The character of the popular opposition to US occupation in Iraq—a reflection of the evolution of the global relationship of forces over the past three decades—also undermines the coherence of a “hard-core” of anti-war activists. In Vietnam, a popular-nationalist movement against imperialism—despite its Stalinist-bureaucratic leadership—inspired a generation of anti-imperialist student and youth radicals, and successfully stalemated US military forces on the ground after 1968. The divided, religious-sectarian resistance in Iraq, that targets both US forces and their Iraqi opponents, is incapable of inspiring an “anti-imperialist” minority or of militarily defeating the US occupation.

Building—or rebuilding—any social movement in the US during a Presidential election year is always difficult. The “presidential” (versus parliamentary) system in the US increases the pressure to “vote realistically”—for one or another “lesser evil”—that exists in all capitalist democracies. The main beneficiary of these pressures has been the pro-corporate, pro-imperialist Democratic Party.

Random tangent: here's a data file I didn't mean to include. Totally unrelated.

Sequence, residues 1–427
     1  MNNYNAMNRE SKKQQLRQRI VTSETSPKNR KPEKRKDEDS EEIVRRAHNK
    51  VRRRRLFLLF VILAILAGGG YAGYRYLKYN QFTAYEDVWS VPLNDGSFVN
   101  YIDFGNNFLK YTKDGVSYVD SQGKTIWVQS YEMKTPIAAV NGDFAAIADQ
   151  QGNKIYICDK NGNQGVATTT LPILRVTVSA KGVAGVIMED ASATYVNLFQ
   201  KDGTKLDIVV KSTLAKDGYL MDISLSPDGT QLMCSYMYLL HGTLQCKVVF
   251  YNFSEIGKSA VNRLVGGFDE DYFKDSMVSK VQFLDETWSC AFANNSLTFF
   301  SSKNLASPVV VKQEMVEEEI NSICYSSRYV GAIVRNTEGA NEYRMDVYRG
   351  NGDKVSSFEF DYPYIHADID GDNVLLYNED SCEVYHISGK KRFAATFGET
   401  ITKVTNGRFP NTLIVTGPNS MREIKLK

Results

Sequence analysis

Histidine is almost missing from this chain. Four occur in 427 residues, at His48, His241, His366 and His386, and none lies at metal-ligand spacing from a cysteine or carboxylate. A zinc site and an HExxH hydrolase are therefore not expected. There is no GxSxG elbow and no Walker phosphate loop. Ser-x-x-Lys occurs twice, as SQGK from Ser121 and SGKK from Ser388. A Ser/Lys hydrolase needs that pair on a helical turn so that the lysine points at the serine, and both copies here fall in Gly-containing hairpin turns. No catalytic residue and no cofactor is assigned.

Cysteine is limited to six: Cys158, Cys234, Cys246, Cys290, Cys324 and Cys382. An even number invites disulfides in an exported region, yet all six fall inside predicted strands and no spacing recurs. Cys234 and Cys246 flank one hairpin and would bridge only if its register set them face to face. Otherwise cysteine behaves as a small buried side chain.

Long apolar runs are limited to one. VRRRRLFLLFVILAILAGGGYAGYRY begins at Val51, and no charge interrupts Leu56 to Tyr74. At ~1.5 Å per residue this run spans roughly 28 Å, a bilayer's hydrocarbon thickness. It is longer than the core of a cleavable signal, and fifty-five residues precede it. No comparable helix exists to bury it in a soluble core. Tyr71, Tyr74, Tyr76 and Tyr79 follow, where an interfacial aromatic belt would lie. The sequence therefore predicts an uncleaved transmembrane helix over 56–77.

The pressure on social movement activists to pour all their energy into electing whomever the Democrats nominate is even greater this year with the nomination of Barak Obama. Most opponents of the war are attracted to Obama’s anti-war rhetoric. They recognize that a major party’s nomination—and the realistic possibility of the election—of an African-American for President is a tribute to the enduring impact of the Civil Rights and Black Power movements of the 1950s and 1960s. While a small minority of radicals and revolutionaries have pointed to Obama’s pro-imperialist, pro-neo-liberal politics, most anti-war activists will not take to the street in order to elect Obama and may be willing to “give him a chance to end the war” if he is elected.